Jul 6, 2018
There's little doubt that one topic dominated financial headlines in the first half of 2018…and it took most investors by complete surprise. Trump’s trade wars are only being eclipsed (temporarily) by the drama swirling around the soon-to-be vacant Supreme Court seat, and what a solidified conservative majority on the highest Court will mean for America.
In fact, our friends hosting Stansberry’s sister podcast, MarketCast, Scott Garliss, Greg Diamond, and John Gillin are even going so far as to say that they “can’t recall a time when politics has been more important for markets.”
This week, our very own co-host Buck Sexton joined the team at MarketCast to share his insights on how, exactly, America’s political equilibrium is shaping markets.
Listen here to hear Buck make sense of China's game plan for a trade war. As a former intelligence officer at the CIA, he has some insights as to just how much punishment Beijing is willing to take.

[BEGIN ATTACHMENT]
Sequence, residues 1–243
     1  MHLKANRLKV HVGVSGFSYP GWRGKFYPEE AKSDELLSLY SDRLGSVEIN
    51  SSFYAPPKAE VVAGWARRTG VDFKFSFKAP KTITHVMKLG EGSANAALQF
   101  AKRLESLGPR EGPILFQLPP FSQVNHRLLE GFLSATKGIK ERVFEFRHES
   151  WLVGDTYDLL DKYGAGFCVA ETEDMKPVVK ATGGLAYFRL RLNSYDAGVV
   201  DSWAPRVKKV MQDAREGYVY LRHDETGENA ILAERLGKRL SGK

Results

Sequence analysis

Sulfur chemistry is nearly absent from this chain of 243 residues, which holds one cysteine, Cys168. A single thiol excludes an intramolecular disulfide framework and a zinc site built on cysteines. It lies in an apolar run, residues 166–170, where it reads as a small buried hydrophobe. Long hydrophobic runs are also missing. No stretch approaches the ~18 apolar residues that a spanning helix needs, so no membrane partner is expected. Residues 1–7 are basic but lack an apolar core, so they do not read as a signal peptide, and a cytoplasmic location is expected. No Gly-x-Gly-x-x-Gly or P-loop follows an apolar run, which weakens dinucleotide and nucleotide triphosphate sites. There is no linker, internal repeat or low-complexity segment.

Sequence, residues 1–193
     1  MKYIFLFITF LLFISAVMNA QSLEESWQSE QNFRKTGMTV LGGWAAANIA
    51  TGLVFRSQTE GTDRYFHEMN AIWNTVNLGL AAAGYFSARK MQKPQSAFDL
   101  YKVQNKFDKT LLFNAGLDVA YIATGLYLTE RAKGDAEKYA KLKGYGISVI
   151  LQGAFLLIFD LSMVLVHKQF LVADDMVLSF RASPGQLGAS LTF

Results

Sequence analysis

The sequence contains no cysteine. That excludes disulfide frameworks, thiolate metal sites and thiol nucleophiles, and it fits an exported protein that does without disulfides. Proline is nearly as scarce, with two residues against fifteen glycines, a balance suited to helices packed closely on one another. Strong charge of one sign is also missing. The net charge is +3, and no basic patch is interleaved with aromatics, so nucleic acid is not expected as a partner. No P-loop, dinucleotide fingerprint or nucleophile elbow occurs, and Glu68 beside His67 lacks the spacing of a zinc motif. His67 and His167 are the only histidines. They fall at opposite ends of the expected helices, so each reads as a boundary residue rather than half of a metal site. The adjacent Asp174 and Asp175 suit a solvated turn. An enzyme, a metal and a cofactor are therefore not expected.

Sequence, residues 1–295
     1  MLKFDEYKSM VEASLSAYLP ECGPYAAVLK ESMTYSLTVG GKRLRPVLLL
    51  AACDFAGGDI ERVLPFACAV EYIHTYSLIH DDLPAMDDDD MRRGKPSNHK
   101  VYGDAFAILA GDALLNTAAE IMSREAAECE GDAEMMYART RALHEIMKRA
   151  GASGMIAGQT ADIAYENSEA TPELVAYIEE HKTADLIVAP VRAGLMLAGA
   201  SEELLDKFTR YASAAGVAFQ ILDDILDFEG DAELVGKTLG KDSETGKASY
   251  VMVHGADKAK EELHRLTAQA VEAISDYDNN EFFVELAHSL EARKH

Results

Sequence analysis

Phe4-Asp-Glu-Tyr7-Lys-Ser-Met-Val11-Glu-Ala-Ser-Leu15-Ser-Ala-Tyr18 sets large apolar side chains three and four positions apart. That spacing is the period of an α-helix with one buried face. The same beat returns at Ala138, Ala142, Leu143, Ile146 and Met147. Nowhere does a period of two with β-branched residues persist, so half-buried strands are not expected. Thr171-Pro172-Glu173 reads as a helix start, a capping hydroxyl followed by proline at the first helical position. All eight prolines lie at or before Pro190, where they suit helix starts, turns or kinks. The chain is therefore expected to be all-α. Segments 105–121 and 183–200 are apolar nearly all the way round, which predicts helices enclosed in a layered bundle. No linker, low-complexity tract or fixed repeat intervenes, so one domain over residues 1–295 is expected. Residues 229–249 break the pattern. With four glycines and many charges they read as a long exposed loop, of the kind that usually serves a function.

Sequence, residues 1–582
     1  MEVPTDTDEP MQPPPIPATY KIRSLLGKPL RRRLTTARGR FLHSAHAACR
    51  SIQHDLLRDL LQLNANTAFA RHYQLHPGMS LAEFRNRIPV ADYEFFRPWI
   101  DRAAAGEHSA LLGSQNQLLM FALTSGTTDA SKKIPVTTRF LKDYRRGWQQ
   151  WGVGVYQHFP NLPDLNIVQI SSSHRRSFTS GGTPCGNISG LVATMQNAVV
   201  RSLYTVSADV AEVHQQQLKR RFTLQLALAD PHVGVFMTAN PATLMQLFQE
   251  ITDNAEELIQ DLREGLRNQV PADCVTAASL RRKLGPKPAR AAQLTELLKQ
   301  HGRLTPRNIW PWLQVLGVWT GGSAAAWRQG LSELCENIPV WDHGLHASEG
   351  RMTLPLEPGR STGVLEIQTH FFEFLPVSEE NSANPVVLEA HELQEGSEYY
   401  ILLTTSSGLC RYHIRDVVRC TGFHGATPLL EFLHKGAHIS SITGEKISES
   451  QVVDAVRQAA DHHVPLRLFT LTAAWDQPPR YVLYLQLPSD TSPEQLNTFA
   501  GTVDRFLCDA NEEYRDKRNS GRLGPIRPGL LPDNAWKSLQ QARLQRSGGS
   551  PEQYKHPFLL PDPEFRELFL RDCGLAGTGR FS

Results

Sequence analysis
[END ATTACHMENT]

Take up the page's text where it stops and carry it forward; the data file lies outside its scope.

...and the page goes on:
Also – you won’t want to miss the proof he’s uncovered in equity markets’ behavior that reflects the surprisingly strong hand Trump is holding in his just-launched trade war.
And with politics ruling the day for now, we’ve pulled together a “Stansberry July Fourth Special” for listeners to check in on a political exile we haven’t heard from in a while – none other than the second person the Stansberry Investor Hour team interviewed, Wikileaks’ besieged founder Julian Assange.
His once-prolific Twitter handle has been silenced since Ecuador cut off his Internet access in the embassy he’s been holed up in since 2010. For obvious reasons, he can’t make public statements.
But anyone who followed our interview with Assange last summer could have seen this coming. You’ll recall, he was never even charged with a crime before having to flee.
And with “Russia-gate” still raging, you’ll want a refresher on why Democrats seem so determined to link him with Vladimir Putin, and why Putin himself isn’t doing much to dispel the notion of their supposed partnership. Hint: It has to do with Putin’s very real weakness on the world stage, as he leads an economy the size of South Korea’s.